WINNER OF THE ROGERS WRITERS' TRUST FICTION PRIZE
FINALIST FOR THE FRANK O'CONNOR INTERNATIONAL SHORT STORY AWARD
SHORTLISTED FOR THE GOVERNOR GENERAL'S LITERARY AWARD
NAMED A BEST BOOK OF THE YEAR BY QUILL & QUIRE
“Alice Munro...Isaac Babel...Those comparisons may sound daunting, but Dobozy has mastered the technical conventions of his craft... This vivid rendering of Hungarian history as a nightmare from which no one quite wants to awake is Dobozy’s finest achievement.”
Garth Risk Hallberg, The New York Times Book Review
"The sheer variety of Dobozy’s approaches to telling stories, and his commitment not only to provoke thought but to entertain, constitute a virtuoso performance. Siege 13 is without question one of my favorite story collections ever."
Jeff VanderMeer, The Washington Post
"The siege of Budapest by the Red Army, which took place near the close of the Second World War and lasted more than a hundred days, informs each of the stories in this collection.... Each story confronts its characters with impossible choices, often forcing them to weigh physical security against moral preservation in a 'desire to find a way out when there is none.'"
The New Yorker
"From the dark cityscapes of besieged Hungary to the émigré cafés of contemporary North America, Siege 13 spans continents and decades, and in doing so illustrates once again that old maxim: the short story can be both as broad and as deep as a novel. At times gently humorous, at times quietly wise, Dobozy’s thirteen stories dazzle with their psychological nuance and brilliant attention to detail. These stories are never less than breathtaking."
Jury Citation, Rogers Writers' Trust Fiction Prize
"Thoughtful, haunting and deeply human short stories."
The Minneapolis Star Tribune
"Gripping, and powerfully written.... these stories come together to create a wonderful book: Bravo, Tamas Dobozy."
Historical Novels Review (EDITOR'S CHOICE)
"Tomas Dobozy, master architect of this genre and recipient of the O. Henry Prize and Rogers’ Writers Trust Fiction Prize, has crafted thirteen unique, self-sustaining worlds in his new collection, Siege 13.
Words Without Borders
"PEN/O. Henry Prize winner Dobozy’s energetic stories, a baker’s dozen, are full of Eastern Europeans (Sándor, Tíbor, Lujza, etc.) involved in events unusual to Western readers that are part of the characters’ everyday lives. A natural storyteller, Dobozy typically launches intriguingly titled tales with a declarative sentence that increases the interest: 'The Ghosts of Budapest and Toronto' begins 'Mária didn’t die in the siege of Budapest'; likewise, 'The Miracles of Saint Marx' starts: 'One of the weirder people to surface during the era of Hungarian communism...' When not in Europe, Dobozy’s characters are typically strangers in a strange land. Narrated by a Fulbright Scholar studying at NYU, 'The Atlas of B. Görbe' centers on an elderly and revered yet also overindulgent and corpulent Hungarian-born author (the titular Görbe) who maneuvers in Manhattan like a bull in a china shop. 'The Homemade Doomsday Machin'” charts a little boy’s obsession with the work of émigré nuclear scientist Otto Kovács, who visits him with the machine’s prototype after an exchange of letters. The centerpiece is the novella-length 'The Beautician,' an engrossing tale of love and betrayal among members of the Szécsényi Club, a Hungarian intellectual society in Toronto. Colorful and rich in detail and full of life."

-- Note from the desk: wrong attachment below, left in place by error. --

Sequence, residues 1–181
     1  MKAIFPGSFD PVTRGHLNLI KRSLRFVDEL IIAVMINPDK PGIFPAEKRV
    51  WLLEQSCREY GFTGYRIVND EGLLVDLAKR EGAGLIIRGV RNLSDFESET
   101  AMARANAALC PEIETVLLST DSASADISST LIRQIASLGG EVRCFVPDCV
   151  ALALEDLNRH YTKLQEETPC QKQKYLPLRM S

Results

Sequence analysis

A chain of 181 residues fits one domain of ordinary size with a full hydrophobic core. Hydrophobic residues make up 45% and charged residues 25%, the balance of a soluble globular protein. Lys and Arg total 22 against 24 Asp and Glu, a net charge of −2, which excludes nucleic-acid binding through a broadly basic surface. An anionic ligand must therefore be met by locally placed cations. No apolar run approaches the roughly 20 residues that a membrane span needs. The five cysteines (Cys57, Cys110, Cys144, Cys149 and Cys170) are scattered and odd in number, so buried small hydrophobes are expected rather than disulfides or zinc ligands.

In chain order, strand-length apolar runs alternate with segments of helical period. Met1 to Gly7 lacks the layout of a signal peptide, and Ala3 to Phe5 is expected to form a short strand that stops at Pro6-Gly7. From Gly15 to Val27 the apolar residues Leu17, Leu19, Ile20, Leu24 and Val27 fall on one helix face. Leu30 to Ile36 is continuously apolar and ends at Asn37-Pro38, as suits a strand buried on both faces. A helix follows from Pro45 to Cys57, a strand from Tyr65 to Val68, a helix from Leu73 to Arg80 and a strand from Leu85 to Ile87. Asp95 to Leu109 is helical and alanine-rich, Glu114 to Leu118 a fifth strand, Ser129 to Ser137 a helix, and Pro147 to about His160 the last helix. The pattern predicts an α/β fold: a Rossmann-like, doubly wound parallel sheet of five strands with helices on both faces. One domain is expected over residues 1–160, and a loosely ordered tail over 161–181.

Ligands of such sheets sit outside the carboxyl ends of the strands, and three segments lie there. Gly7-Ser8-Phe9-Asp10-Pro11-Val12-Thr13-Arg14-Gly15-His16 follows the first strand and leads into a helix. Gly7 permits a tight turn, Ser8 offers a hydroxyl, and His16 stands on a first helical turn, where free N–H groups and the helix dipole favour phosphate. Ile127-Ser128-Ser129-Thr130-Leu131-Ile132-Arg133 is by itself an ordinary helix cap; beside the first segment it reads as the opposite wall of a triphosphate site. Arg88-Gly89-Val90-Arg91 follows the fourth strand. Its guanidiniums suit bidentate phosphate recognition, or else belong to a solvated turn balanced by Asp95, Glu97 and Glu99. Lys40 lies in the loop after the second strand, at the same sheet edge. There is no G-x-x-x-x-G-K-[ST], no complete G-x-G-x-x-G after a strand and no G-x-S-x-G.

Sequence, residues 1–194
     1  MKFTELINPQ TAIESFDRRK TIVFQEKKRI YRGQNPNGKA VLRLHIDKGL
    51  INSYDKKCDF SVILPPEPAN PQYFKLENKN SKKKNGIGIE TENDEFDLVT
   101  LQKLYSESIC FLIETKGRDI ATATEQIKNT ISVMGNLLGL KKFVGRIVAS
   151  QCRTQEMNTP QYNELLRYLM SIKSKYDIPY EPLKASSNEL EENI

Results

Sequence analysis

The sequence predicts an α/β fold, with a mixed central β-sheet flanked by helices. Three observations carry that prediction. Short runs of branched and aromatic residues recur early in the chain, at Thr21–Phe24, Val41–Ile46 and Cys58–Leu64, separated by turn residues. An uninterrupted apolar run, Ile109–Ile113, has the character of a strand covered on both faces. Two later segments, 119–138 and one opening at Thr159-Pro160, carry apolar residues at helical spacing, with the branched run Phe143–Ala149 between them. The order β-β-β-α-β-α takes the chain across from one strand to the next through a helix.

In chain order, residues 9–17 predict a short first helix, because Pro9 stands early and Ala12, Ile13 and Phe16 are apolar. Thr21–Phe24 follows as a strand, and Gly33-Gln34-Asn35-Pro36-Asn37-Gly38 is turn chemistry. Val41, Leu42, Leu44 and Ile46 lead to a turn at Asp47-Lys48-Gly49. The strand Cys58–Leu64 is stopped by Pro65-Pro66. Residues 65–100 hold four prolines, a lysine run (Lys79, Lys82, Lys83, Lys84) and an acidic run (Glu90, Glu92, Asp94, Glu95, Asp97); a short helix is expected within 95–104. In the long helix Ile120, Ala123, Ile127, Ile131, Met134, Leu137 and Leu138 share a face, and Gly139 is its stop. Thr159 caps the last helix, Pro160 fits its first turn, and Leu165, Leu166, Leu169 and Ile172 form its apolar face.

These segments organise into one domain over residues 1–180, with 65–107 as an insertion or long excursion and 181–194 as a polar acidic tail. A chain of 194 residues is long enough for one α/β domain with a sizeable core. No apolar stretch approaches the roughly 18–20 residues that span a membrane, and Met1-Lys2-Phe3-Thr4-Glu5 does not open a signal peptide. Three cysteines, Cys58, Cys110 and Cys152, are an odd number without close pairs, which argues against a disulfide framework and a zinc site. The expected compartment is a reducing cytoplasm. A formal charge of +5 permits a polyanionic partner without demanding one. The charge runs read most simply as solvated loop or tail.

"Siege 13, Tamas Dobozy's new collection of short stories, shows us once again that he is an excellent storyteller, one of the few who keep the art of writing good short fiction alive. His stories are usually about Hungarians living outside of Hungary, lost forever in the labyrinth built on the thin border between memories and reality, past and present, words and silence. Like Nabokov, Tamas Dobozy combines the best elements of European and American storytelling, creating a fictional world of his own."
David Albahari, author of Gotz and Meyer